“Buenos noches!” I tried.
The man stopped and got off his bike. He started talking in some language that definitely wasn’t Spanish, but somehow he didn’t seem mad. Then he stuck his hand out as if to shake hands. I couldn’t understand a word he said, but shook his hand and tried to see if he spoke Spanish.
“Hola, me llamo Eric. Y usted? Mucho Gusto.” [Hi, my name is Eric. What’s your name? Nice to meet you], I tried.
He obviously didn’t understand, but kept smiling and talking and pointing toward the bridge. He had to have some name, though, so I thought of him as Pedro.
I kept trying to speak in Spanish using hand gestures, and Pedro kept talking in his language and using hand gestures, and then he brought me over to the bridge. He was motioning like the bridge was good and trying to say my car could make it over. I shook my head and motioned that it was not wide enough, but Pedro whipped out a little flashlight and started showing me more of the bridge. I got the impression he might have been one of the people who constructed it and had a sense of pride that I could indeed make it over.
Pedro walked over to the other side and motioned for me to drive over. I was actually getting more confident with all his persuasion, and he could even be my spotter, so I got back in the car and slowly started inching my way over. He kept nodding and waving me forward and I soon cleared the last bump and was safe on the other side! Pedro greeted me with a huge smile and waved me on. I gave a thumbs up and continued driving up the road.
It was another 1.5 miles to the end of the road and some vegetation in the middle of the road started scrapping the underside of the car, but as long as rocks weren’t scrapping I figured the car would be fine. At 8:30pm I rounded the final corner, drove through one more gate (this one was already open), and reached the end of the road. Amazingly there was a trailhead sign and even an outhouse! The sign had a huge topo map with a trail drawn and the summit of Cerro Tres Kandu labeled. I didn’t even know there was a trail to the summit! There was basically zero information online about this mountain, so I had had no idea what to expect.
I parked the car and started scarfing down some food. It had taken me five hours to drive to the trailhead, and the trailhead sign claimed the round-trip hike to Tres Kandu was 3.5 hours. I started doing the math: I had an 11am flight tomorrow so needed to be back to Asuncion by 9am, which meant leave the trailhead by 4am. But at 3.5 hours of hiking I’d get done by between midnight and 1am. My conclusion: I’d just have to be faster than 3.5 hours for the hiking and then earn myself some sleep.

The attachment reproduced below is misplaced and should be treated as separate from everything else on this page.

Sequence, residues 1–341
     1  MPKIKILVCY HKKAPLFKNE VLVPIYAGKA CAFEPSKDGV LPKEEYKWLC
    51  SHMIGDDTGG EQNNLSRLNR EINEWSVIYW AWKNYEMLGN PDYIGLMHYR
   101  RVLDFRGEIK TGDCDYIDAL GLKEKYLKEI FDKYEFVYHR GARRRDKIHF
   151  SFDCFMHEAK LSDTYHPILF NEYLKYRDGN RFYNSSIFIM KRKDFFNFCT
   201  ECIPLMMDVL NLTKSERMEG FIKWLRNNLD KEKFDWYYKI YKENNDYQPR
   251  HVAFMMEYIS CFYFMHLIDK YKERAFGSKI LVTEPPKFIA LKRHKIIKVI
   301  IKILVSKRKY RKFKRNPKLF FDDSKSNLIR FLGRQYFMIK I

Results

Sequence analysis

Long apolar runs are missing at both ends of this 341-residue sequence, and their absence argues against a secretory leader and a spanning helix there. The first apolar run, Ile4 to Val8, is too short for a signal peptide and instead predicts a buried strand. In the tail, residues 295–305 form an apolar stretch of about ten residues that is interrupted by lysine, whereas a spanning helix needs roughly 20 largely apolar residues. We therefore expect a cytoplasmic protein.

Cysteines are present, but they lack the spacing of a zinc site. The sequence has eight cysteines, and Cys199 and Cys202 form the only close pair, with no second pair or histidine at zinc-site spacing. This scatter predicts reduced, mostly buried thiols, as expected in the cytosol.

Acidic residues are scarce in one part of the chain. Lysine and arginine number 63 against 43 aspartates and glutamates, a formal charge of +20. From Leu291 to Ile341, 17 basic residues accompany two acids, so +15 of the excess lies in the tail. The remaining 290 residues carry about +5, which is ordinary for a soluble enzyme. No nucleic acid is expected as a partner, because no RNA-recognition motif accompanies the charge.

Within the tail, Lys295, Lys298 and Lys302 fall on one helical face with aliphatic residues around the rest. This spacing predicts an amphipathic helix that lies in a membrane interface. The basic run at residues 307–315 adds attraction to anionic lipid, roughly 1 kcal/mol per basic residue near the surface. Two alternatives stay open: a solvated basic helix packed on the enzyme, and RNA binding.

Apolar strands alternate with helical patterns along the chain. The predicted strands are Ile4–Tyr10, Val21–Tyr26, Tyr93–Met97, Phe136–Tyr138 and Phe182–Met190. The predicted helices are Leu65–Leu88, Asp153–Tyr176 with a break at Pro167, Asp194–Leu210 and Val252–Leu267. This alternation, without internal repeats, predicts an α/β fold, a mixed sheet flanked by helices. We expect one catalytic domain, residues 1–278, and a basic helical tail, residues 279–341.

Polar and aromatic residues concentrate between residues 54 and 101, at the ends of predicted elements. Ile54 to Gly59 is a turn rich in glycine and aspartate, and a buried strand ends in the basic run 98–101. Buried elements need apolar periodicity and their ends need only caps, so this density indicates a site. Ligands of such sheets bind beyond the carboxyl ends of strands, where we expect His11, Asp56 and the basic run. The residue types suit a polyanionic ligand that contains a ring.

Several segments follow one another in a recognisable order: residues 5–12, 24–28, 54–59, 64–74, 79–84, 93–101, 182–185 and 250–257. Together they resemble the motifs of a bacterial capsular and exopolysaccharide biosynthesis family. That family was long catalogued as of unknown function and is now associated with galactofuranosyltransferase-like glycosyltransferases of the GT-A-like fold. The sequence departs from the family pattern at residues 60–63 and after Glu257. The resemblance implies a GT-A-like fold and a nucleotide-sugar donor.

By 9pm I’d packed my bag and started heading up the trail. I wish Paraguay would have put as much effort into the access road as they’d put into this trail. It was very well-maintained, had check steps, wooden benches every kilometer, and even signs every few hundred meters noting how far I’d come, how much farther to the summit, and what my current elevation was. It was amazing! The one fault I can find, though, is that the trail had zero switchbacks. Apparently that technology hasn’t reached Paraguay yet.
Instead they tied metal cables between trees on the really steep sections, and I certainly used these cables for balance. By 10pm the trail started leveling out, and I reached a big sign proclaiming “Bienvenido al punto mass alto del Paraguay” [Welcome to the highest point in Paraguay]. That was the summit! I was still in the middle of the jungle so there wasn’t really any view, but I suppose there wouldn’t have been much of a view at night anyways. At least I could see the summit, unlike Uruguay the day before.
I took a bunch of pictures, including my very important juggling picture. I couldn’t find five rocks here like I normally do, but three sticks seemed good enough.
After 10 minutes of fooling around I turned back and started my descent. It was tricky descending the steep sections but I still managed to get back to the car by 11pm for a 2-hour round trip. I quickly hopped in the car and went sleep, knowing that I’d need every minute I could get for the drive in the morning.
My alarm jolted me awake at 4am and I quickly got behind the wheel and started moving. I was surprised to have never seen Pedro again, but figured he must have a hut somewhere back in the woods there that I didn’t notice. I carefully drove over the sketchy bridge again and luckily had no trouble.
The drive back to Asuncion was straightforward except for two minor little incidents. First, at 5:30am just before the sun rose I came upon a tractor driving on the shoulder on my side, and an oncoming car in my lane coming straight at me. Apparently he was either drunk, thought the tractor was actually in the opposing lane instead of the shoulder, or some combination of the two. I was alert though and swerved out safely behind the tractor before the car could get too close.
The second little incident happened just outside town of Ita, and I don’t think a certain chicken will ever be crossing any roads again anytime soon. The stupid bird was pecking away on the opposite shoulder, but got scared by an oncoming car and flew right in front of my car.
I made it back to the airport well-ahead of schedule (I didn’t get lost this time), and successfully got on my plane to my conference in Rio. The highest points in both Uruguay and Paraguay made for quite a fun weekend adventure.